ECI Tax on Sales of Partnership Interests. The summary states that gain or loss from the sale or exchange of a partnership interest is effectively connected with a U.S. trade or business (and thus, for foreign sellers, subject to U.S. tax on a net basis) to the extent that the seller would have had effectively connected gain or loss had the partnership sold all of its assets at fair market value as of the date of the sale or exchange.

The proposal requires that any gain or loss from the hypothetical asset sale by the partnership be allocated to interests in the partnership in the same manner as nonseparately stated income and loss, though it is not clear how this requirement would apply in all situations. This change would reverse the effect of a recent court decision and subject foreign partners to U.S. tax on sales of partnership interests to the extent the partnership has assets that give rise to effectively connected income, even if current law FIRPTA provisions do not apply.

  • Under current law, gains and losses from the disposition of ”U.S. real property interests” are generally treated as effectively connected with the conduct of a U.S. trade or business. The Code currently requires that, as provided for in regulations, a foreign seller must treat the amount realized from sale of a partnership interest as an amount received from the sale of United States real property interests to the extent that the amount realized is attributable to United States real property interests held by the partnership. Current regulations provide guidance only with respect to partnerships in which, directly or indirectly, 50% or more of the value of the gross assets consist of U.S. real property interests and 90% or more of the value of the gross assets consist of U.S. real property interests plus any cash or cash equivalents.

The proposal also requires the buyer of a partnership interest to withhold 10% of the amount realized on the sale of the partnership interest unless the seller certifies that the seller is not a nonresident alien individual or foreign corporation. If the buyer fails to withhold the correct amount, the partnership is required to deduct and withhold from distributions to the buyer an amount equal to the amount the buyer failed to withhold.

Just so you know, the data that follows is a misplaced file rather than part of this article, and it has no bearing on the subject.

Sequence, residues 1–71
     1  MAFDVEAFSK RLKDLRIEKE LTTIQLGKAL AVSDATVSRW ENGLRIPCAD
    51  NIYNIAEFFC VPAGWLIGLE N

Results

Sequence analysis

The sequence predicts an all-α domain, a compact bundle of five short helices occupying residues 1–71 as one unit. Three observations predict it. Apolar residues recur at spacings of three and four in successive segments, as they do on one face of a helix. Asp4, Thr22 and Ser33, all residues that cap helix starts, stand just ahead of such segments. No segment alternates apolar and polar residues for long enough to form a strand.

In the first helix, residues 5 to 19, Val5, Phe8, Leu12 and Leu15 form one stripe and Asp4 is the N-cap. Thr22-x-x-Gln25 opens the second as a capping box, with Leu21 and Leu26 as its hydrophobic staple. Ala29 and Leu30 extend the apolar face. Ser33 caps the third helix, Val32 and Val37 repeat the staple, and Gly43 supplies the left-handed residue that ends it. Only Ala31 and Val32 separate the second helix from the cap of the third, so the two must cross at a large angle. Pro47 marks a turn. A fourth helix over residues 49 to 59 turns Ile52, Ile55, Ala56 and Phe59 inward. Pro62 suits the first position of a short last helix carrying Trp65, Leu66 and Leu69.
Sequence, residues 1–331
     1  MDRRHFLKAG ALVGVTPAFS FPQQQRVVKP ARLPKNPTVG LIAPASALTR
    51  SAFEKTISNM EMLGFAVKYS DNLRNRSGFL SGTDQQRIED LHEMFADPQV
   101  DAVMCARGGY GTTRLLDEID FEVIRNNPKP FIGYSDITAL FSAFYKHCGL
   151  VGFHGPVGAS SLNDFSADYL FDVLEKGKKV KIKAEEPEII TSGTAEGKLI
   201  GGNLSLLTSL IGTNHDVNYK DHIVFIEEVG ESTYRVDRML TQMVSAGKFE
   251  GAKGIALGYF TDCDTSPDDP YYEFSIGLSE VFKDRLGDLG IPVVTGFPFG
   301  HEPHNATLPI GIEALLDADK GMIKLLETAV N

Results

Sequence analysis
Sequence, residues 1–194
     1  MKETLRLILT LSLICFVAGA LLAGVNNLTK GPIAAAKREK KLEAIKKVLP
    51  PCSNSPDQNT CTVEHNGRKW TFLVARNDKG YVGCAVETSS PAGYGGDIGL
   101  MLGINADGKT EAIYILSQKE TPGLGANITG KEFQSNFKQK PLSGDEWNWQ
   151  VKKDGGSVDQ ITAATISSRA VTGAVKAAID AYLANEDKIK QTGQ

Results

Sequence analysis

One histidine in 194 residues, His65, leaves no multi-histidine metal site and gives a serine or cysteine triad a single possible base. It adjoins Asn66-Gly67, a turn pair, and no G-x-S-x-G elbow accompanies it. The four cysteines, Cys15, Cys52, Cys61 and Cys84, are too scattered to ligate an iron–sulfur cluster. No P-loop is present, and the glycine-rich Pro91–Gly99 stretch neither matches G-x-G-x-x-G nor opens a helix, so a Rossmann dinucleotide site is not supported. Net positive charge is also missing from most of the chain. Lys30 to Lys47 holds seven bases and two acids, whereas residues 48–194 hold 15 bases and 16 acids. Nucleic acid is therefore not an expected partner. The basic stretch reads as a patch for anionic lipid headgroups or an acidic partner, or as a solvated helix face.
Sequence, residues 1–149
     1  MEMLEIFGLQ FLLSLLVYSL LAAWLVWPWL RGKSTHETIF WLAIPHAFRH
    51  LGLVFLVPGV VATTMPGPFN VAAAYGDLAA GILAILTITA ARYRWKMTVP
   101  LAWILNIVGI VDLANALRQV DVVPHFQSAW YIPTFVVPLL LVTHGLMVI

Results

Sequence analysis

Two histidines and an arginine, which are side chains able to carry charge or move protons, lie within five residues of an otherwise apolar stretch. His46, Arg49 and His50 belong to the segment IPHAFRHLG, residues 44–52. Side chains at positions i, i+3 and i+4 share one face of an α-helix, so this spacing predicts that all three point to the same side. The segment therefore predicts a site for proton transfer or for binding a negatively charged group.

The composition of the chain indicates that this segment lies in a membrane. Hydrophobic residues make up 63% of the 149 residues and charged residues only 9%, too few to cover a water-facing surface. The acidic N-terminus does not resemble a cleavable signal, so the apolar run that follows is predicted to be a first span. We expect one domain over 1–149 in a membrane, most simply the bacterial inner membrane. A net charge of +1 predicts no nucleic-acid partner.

• Under current law, buyers of partnership interests are required to withhold only if the partnership holds U.S. real property interests representing 50% or more of the value of its gross assets, as well as a combination of U.S. real property interests and cash representing 90% or more of the value of its gross assets.

Increased Annual Real Estate Depreciation Deductions. Unlike the House bill, which does not propose to change current law regarding the depreciation of real property, the Senate Mark shortens the recovery period for depreciating residential rental real property and nonresidential real property from 27.5 years for residential rental real property and 39 years for nonresidential real property to 25 years for both.

  • This will result in significantly increased annual depreciation deductions for commercial real estate in particular.

The proposal also provides a general 10-year recovery period for qualified improvement property (generally, improvements to interior portions of nonresidential real property), and a 20-year alternative depreciation system (“ADS”) recovery period for such property. Thus, for example, qualified improvement property placed in service after December 31, 2017, would be generally depreciable over 10 years using the straight line method and half-year convention, without regard to whether the improvements are property subject to a lease, placed in service more than three years after the date the building was first placed in service, or made to a restaurant building.